newsIsrael at War

‘I placed him on the grave so that he could be closest to his father’

St. Sgt. (res.) Yedidya Eliyahu was killed in action in Gaza on Nov. 3. This week, his widow brought his newborn son to the gravesite.

Meitar Eliyahu, the widow of St. Sgt. (res.) Yedidya Eliyahu, at his grave at the Mount Herzl Military Cemetery in Jerusalem. Photo by Oren Cohen.
Meitar Eliyahu, the widow of St. Sgt. (res.) Yedidya Eliyahu, at his grave at the Mount Herzl Military Cemetery in Jerusalem. Photo by Oren Cohen.

A moving and heartfelt moment occurred this week at Mount Herzl when Meitar Eliyahu, the widow of St. Sgt. (res.) Yedidya Eliyahu, who was killed in the Gaza war in early November, brought her newborn son Porat Aviya to his father’s grave at the military cemetery for the first time—a mere few weeks after his birth.

With one hand, Meitar gently caressed the engraved stone with the name of her beloved, and with the other, she held their infant son.

Meitar delicately placed Porat Aviya on the Israeli flag draped over his father’s grave, in the place where a loving father would embrace his young son.

The 25-year-old Meitar shared her feelings: “I placed Porat Aviya on the gravestone so he could be as close as possible to his father, Yedidya,” she said. “I went up to the grave because it had been a long time, and this was Porat Aviya’s first time. This is his father’s grave and a meeting place. This gravestone is what remains and the place to go to him.

“We also have two young daughters, Maor Ziva and Avigail. When they come to the grave, they sit on the grave because that’s what they want and it’s comfortable for them,” she said.

Eliyahu, a combat engineer from Karnei Shomron, was killed in action in Gaza on Nov. 3, two weeks before his 26th birthday.

“They mobilized Yedidya during the Simchat Torah holiday, and he was among the first forces to enter Gaza. Yedidya remained on reserve duty until he fell,” his widow said.

“He was a calm, serene and happy person. He was an involved father in raising the children and had a golden touch. Yedidya went into battle fearlessly, on a mission. He said, ‘We have nothing to fear. We need to avenge Israel’s honor. God is with us. We’re going into battle. This is a war of mitzvah [required by Torah].’ Yedidya did not express any fear or worry to me.”

The birth of Porat Aviya and raising her children bring Meitar many joyful moments, alongside the challenging coping process.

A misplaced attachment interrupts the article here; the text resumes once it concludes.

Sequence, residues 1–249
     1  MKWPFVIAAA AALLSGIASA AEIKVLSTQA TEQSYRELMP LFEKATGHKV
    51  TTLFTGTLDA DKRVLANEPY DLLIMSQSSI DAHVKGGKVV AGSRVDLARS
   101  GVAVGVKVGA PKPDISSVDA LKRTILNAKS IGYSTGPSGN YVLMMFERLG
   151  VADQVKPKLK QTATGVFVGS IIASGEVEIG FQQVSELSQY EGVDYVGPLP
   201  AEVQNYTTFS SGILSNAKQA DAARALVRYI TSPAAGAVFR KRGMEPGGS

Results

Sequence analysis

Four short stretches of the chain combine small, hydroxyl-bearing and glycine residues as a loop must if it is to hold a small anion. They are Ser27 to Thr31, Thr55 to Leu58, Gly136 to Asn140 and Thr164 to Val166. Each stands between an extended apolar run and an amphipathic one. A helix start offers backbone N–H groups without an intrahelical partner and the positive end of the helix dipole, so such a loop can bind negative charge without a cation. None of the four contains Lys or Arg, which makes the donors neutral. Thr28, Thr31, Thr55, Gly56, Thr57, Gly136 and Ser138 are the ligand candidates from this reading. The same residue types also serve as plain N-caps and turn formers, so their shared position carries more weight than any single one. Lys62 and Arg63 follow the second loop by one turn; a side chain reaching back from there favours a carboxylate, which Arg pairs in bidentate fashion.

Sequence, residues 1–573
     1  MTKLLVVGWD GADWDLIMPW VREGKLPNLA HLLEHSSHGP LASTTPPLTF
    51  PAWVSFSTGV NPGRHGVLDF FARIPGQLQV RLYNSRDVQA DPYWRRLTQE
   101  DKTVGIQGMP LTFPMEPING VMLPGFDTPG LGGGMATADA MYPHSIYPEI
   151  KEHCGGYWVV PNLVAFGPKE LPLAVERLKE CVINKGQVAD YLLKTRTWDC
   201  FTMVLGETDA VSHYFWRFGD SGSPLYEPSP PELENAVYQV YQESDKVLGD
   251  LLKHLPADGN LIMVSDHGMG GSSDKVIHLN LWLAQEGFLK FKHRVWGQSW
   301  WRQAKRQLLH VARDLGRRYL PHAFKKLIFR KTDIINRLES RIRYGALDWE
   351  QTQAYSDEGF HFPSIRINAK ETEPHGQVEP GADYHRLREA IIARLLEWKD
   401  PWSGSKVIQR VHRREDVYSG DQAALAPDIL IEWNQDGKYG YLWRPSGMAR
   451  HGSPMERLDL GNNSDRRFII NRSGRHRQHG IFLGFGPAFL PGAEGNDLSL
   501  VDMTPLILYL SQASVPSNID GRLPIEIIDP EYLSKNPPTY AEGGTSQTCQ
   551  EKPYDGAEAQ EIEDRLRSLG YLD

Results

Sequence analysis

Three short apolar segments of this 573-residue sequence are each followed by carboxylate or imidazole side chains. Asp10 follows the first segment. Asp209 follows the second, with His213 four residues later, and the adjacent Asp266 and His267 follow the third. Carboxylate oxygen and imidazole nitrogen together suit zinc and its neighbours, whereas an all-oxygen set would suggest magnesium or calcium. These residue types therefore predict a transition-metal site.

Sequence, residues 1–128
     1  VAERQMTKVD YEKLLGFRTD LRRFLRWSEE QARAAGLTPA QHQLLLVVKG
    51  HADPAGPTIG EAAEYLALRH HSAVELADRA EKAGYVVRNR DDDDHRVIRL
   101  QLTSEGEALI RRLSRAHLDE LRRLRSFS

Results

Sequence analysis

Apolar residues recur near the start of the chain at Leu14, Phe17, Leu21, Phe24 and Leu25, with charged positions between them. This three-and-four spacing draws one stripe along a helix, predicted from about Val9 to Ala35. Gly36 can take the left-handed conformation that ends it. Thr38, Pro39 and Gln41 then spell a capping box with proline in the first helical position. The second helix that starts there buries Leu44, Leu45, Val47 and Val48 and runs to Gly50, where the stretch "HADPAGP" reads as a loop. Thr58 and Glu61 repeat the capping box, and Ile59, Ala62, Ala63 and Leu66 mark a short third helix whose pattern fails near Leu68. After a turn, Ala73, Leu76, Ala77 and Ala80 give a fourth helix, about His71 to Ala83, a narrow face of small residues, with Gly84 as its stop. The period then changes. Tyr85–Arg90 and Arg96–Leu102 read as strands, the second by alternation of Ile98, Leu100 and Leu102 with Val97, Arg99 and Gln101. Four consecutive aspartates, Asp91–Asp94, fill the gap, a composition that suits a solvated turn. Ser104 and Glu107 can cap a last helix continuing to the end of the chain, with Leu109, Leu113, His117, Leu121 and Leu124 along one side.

“Yedidya left us a gift in this world. There is a lot of joy, and we need to look at the good—new lives coming into the world. We are happy about Porat Aviya, but it’s difficult and not simple to raise him alone. Yedidya’s physical presence is missing, but he is always with us in our hearts.

“We try to have Yedidya part of our lives as much as possible. I pray that I will succeed in passing on to the children who he was,” she said.

Meitar concluded with a powerful message: “Don’t be afraid. Fight until the end, despite the difficult losses and sorrow. This is our land. There is also life and joy, and life goes on alongside sorrow and bereavement. We need to continue building the land, fighting and growing.”

Originally published by Israel Hayom.

You have read 3 articles this month.
Register to receive full access to JNS.

Just before you scroll on...

Israel is at war.

JNS is combating the stream of misinformation on Israel with real, honest and factual reporting. In order to deliver this in-depth, unbiased coverage of Israel and the Jewish world, we rely on readers like you.

The support you provide allows our journalists to deliver the truth, free from bias and hidden agendas. Can we count on your support?

Every contribution, big or small, helps remain a trusted source of news you can rely on.

Become a part of our mission by donating today
Thank you. You are a loyal JNS Reader.
You have read more than 10 articles this month.
Please register for full access to continue reading and post comments.
Never miss a thing
Get the best stories faster with JNS breaking news updates